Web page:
The Technology of Packaging Words: Digital vs. Print



I have a book problem. Meaning because I love books, I have more than I probably can ever read, and yet I adore finding a new book, cracking it open and immersing myself in the story world. The hubster stated the other day that books should not be the ONLY decorating theme in our home, to which I replied, “Why the heck not?”

But I admit it is a problem, illustrated by these pics of my many, many bookshelves, from the spare and uncluttered one in the living room to the one actually jam-crammed inside a closet (just a sampling, I assure you). I could have one of those rooms with floor to ceiling shelves like the library of Downton Abbey (complete with a book-laden door that leads to the music room! Click link and scroll down for the picture) and STILL find more books I want to read. Don’t let him fool you, the hubster likes books too. Weighty tomes with weighty titles like The History of the World, Come Retribution, and Diseases of Animals, as well as Life of Pi and The Last Werewolf. My shelves, on the other hand, are a jumble (and I mean JUMBLE!) of romantic and historical fiction, history and biography, and writing craft books.


And then there are my ebooks. I actually have a Kindle and an iPad (on which I have installed iBooks, Kindle, Nook, GooglePlay, AND Kobo apps). And the books are just as jumbled up there as they are on the shelves. Truth be known, I have a little stash of books in PDF on my computer too. All of which makes the argument of digital versus paper, for me, really about packaging. The MAGIC of a book is what is inside the package. Whether you open the cover or click on the icon, that’s just the delivery technology, the true innovation is the language itself.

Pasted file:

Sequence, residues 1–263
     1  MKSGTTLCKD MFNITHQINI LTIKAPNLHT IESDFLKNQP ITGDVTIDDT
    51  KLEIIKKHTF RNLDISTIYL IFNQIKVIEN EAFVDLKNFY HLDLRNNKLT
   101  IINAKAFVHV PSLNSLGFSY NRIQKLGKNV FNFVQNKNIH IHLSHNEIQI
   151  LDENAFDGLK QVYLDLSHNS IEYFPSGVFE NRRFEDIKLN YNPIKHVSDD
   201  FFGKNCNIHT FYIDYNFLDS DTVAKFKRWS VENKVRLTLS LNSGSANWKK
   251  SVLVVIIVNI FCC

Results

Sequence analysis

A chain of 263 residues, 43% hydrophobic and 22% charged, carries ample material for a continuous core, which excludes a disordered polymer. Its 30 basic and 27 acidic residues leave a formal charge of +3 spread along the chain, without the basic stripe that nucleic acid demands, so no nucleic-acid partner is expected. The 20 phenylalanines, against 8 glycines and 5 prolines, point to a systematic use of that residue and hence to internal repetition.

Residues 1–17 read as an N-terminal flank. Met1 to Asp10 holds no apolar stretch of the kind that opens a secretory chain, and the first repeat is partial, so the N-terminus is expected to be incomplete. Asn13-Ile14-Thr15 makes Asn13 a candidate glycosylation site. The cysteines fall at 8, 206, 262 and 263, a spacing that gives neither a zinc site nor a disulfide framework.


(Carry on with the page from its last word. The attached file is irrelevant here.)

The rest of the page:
If pressed, I would probably choose paper books as my story vehicle of choice, but only if I had unlimited shelf space–that decorating issue remains. With paper books, I feel a commonality with generations that have gone before me. I mean, Jane Austen held a book in her hand, opened it, and read the story contained therein. Just as I opened HER book, Pride and Prejudice, the other day and did the same. There was a time when people–humans–were NOT able to reach back in history and feel kinship with “book” readers. The printed word was new. A new technology, just like the digital book. But the STORIES, well, they were still around then, weren’t they?

Do you have a digital versus print preference for your reading? Or a shelf problem? Or a decorating theme you just can’t agree on? I’d love to hear about it…